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New Jersey Taxpayers to Face Changes in Sales, Gas and Estate Taxes

Posted by Denise Hozza on Thu, Oct 27, 2016

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NJ tax changes-1.jpgNew Jersey enacted major tax changes earlier this month, including a sales tax reduction, gas tax increase and plans to phase out state estate taxes by 2018.

The state Legislature also increased exclusions for pension and retirement plan income and increased earned income tax credit.

Get details on all the changes below, including the planned end to New Jersey’s income tax reciprocity agreement with Pennsylvania, which will affect both New Jersey and Pennsylvania residents who cross the Delaware River for work.

Sales and use tax reductions: Beginning in January, the sales and use tax rates are going from 7% to 6.875%, then to 6.625% in 2018.

Hotel occupancy fees: Also starting in January, the hotel and motel occupancy fees cannot exceed 13.875%, down from 14%. In 2018, they’ll drop to a maximum of 13.625%.

READ MORE: Attention Pennsylvania and New Jersey Commuters: State Tax Changes are Likely

Estate tax changes: There is now a two-year phase out of the estate tax. Starting in January, the current exclusion goes from $675,000 to $2 million. The estate tax is then totally eliminated as of Jan. 1, 2018. It also eliminates the estate taxes for New Jersey property owners that are nonresident decedents.

Gas tax increase: The state Legislature approved a 23 cent-per-gallon increase in their highway fuels tax to pay for transportation work throughout the state. It’s scheduled to go into effect Nov. 1.

Pension and retirement income tax exclusions: The cap on the gross income tax pension and retirement exclusion increases will be phased in over a four-year period. Below is a chart with the phase in of the increase for each type of filer.

NJ tax chart.jpg

Earned income tax credit: The earned income tax credit increased from 30% to 35% of the federal benefit amount. This is retroactive to Jan. 1, 2016.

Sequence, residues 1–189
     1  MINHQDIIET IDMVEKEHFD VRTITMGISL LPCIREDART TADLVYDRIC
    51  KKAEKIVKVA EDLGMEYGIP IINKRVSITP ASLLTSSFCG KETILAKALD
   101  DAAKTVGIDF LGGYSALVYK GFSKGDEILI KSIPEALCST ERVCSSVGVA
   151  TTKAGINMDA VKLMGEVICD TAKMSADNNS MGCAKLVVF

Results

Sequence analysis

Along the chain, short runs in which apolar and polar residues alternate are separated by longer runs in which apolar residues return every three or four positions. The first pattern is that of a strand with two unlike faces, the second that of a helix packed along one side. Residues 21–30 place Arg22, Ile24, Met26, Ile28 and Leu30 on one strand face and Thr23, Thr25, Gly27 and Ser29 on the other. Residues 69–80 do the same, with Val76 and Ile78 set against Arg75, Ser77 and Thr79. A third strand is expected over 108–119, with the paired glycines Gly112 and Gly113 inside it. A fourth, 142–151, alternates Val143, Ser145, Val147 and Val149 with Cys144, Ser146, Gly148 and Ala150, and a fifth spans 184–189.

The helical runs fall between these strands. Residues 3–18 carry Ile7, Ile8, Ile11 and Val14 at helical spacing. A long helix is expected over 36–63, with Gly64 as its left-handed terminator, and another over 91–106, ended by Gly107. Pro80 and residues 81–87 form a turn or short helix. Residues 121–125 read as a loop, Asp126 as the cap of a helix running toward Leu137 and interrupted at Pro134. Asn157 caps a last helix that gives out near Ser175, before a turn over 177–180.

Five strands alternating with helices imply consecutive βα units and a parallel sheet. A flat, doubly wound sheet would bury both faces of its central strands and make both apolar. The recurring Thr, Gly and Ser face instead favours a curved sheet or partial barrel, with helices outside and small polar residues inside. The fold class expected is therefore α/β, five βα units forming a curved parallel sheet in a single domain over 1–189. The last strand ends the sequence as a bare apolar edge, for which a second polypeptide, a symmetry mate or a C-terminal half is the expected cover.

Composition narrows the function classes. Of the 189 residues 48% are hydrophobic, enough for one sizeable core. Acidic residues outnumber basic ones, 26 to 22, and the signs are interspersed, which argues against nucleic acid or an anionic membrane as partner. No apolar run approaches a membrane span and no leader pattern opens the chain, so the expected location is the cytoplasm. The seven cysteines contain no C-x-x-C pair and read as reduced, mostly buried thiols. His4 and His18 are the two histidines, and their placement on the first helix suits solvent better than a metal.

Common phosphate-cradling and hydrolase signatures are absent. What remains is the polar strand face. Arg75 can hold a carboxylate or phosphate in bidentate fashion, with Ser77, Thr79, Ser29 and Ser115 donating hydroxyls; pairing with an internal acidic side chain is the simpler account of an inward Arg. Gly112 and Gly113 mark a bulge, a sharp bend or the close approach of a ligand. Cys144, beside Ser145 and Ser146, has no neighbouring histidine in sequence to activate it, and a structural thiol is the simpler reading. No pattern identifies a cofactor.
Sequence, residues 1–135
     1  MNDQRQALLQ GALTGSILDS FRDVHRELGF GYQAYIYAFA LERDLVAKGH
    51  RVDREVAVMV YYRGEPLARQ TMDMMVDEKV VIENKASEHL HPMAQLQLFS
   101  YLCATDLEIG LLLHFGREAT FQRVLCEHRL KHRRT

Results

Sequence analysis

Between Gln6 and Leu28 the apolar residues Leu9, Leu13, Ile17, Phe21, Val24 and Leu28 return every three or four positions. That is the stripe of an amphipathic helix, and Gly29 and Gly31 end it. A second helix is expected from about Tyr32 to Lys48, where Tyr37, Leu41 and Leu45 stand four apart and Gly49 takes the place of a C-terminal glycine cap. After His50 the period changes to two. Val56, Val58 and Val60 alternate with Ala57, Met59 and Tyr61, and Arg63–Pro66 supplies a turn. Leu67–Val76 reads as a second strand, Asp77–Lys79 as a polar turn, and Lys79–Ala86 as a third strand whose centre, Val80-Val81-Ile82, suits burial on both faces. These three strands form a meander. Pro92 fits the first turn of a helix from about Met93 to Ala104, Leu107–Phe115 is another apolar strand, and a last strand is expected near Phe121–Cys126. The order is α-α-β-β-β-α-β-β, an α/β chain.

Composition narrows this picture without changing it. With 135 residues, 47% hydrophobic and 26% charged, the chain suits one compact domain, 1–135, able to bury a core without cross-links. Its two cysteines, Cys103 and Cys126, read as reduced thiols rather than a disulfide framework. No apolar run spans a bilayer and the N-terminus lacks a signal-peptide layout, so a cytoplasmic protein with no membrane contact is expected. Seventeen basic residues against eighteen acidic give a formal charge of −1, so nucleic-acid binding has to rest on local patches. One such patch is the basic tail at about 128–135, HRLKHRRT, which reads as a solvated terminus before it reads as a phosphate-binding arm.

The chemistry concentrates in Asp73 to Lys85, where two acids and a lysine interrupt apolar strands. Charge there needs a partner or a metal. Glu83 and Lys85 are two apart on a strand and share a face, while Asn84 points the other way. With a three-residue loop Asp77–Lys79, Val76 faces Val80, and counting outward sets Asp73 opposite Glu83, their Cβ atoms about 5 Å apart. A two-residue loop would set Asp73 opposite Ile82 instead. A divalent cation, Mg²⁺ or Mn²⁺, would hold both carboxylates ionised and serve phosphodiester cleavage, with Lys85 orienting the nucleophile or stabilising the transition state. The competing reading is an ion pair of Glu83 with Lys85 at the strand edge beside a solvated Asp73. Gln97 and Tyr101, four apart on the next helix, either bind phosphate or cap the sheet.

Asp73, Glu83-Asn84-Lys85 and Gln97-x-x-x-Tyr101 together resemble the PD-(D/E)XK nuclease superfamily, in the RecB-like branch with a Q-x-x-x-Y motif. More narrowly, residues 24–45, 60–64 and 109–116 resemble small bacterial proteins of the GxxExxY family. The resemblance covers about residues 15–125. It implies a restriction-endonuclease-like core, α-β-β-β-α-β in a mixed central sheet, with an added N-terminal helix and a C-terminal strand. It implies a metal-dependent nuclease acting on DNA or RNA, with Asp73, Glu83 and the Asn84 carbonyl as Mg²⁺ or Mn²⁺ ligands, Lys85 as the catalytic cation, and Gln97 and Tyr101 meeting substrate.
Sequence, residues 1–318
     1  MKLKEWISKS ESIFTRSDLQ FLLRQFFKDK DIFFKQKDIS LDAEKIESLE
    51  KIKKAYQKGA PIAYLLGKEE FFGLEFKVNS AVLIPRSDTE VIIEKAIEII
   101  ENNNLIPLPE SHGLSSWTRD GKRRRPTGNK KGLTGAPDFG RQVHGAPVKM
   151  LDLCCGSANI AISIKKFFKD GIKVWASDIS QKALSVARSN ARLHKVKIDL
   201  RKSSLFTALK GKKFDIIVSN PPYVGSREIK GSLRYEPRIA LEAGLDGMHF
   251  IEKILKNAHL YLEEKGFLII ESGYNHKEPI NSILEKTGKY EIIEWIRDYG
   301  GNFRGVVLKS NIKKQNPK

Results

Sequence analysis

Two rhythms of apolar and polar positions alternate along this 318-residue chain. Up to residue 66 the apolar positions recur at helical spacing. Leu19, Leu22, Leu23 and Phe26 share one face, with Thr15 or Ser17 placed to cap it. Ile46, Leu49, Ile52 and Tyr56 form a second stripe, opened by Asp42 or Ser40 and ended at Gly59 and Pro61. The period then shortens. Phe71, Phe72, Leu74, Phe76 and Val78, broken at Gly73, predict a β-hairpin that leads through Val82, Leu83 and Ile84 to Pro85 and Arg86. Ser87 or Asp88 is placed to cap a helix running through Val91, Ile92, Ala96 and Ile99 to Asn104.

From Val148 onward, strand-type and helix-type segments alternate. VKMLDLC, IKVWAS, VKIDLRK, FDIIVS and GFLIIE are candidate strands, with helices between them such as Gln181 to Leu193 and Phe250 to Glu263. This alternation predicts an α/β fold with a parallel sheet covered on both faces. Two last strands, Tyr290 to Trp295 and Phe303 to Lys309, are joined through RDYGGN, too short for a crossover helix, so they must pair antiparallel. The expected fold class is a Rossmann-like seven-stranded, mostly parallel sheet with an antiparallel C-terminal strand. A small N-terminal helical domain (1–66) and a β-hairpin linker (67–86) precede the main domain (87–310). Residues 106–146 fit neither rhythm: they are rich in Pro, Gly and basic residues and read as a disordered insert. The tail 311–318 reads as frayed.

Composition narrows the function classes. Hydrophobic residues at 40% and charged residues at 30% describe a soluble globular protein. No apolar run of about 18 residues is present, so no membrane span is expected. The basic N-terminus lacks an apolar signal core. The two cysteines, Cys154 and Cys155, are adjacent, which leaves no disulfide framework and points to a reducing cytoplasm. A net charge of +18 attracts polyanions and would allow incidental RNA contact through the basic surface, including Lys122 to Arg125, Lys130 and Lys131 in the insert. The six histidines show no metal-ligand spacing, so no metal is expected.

Veterans’ exemption: Veterans are being granted a $3,000 personal exemption from taxation.

New Call-to-actionIncome tax reciprocity agreement between New Jersey and Pennsylvania: Gov. Chris Christie has given notice that New Jersey’s reciprocity income tax agreement with Pennsylvania – which has been in effect for nearly 40 years – will end Dec. 31. Currently, if a Pennsylvania resident works in New Jersey, they do not have to pay New Jersey income taxes, but rather are able to pay Pennsylvania income taxes, essentially paying and filing state income taxes where they live rather than where they work. It’s the same case for New Jersey residents who work in Pennsylvania.

With Pennsylvania’s tax rates at 3.07% and New Jersey’s highest rate at 8.97%, this could greatly increase a Pennsylvania resident’s tax bill, because Pennsylvania would limit the credit for taxes paid to New Jersey at 3.07%. For top wage earnings, they would be paying 5.9% more in state income taxes.

Also, for both Pennsylvania residents that work in New Jersey and vice versa, they would be obligated to file both Pennsylvania and New Jersey income tax returns. This will be a big change for New Jersey residents who work in Philadelphia as they will not be able to take a tax credit for the Philadelphia wage tax, which is presently at 3.4741% for non-residents.

This has not come without much backlash from large companies that recently relocated from Pennsylvania to New Jersey. Many of these companies that have relocated just over the border from Philadelphia attract a lot of Pennsylvania employees. The Pennsylvania commuters will now be straddled with a much higher state income tax bill.

For guidance on how these changes might affect you, please contact us.

Topics: Individual tax planning

Concannon Miller’s unique, holistic and intimate approach to financial health sets us apart from smaller CPA firms with more limited resources as well as mega firms where mid-sized clients struggle for attention. Contact us here to talk about improving your business.

This communication is designed to provide accurate and authoritative information in regard to the subject matter covered at the time it was published. However, the general information herein is not intended to be nor should it be treated as tax, legal, or accounting advice. Additional issues could exist that would affect the tax treatment of a specific transaction and, therefore, taxpayers should seek advice from an independent tax advisor based on their particular circumstances before acting on any information presented. This information is not intended to be nor can it be used by any taxpayer for the purposes of avoiding tax penalties.

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